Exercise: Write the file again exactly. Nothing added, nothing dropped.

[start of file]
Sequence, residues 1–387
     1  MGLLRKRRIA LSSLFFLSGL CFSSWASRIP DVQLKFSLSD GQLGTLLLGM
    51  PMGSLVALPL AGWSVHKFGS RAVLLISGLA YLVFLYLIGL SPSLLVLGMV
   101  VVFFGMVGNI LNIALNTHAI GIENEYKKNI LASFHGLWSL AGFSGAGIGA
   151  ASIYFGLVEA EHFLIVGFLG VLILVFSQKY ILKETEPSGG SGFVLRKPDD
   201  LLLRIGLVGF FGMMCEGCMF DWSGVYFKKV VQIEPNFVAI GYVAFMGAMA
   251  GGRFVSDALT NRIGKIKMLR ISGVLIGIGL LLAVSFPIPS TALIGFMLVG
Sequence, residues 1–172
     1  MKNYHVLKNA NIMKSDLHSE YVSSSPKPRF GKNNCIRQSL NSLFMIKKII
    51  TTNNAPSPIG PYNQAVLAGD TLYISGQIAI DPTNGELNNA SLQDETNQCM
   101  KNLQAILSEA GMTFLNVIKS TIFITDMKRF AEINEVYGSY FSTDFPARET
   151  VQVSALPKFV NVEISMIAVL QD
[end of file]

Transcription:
Sequence, residues 1–387
     1  MGLLRKRRIA LSSLFFLSGL CFSSWASRIP DVQLKFSLSD GQLGTLLLGM
    51  PMGSLVALPL AGWSVHKFGS RAVLLISGLA YLVFLYLIGL SPSLLVLGMV
   101  VVFFGMVGNI LNIALNTHAI GIENEYKKNI LASFHGLWSL AGFSGAGIGA
   151  ASIYFGLVEA EHFLIVGFLG VLILVFSQKY ILKETEPSGG SGFVLRKPDD
   201  LLLRIGLVGF FGMMCEGCMF DWSGVYFKKV VQIEPNFVAI GYVAFMGAMA
   251  GGRFVSDALT NRIGKIKMLR ISGVLIGIGL LLAVSFPIPS TALIGFMLVG
Sequence, residues 1–172
     1  MKNYHVLKNA NIMKSDLHSE YVSSSPKPRF GKNNCIRQSL NSLFMIKKII
    51  TTNNAPSPIG PYNQAVLAGD TLYISGQIAI DPTNGELNNA SLQDETNQCM
   101  KNLQAILSEA GMTFLNVIKS TIFITDMKRF AEINEVYGSY FSTDFPARET
   151  VQVSALPKFV NVEISMIAVL QD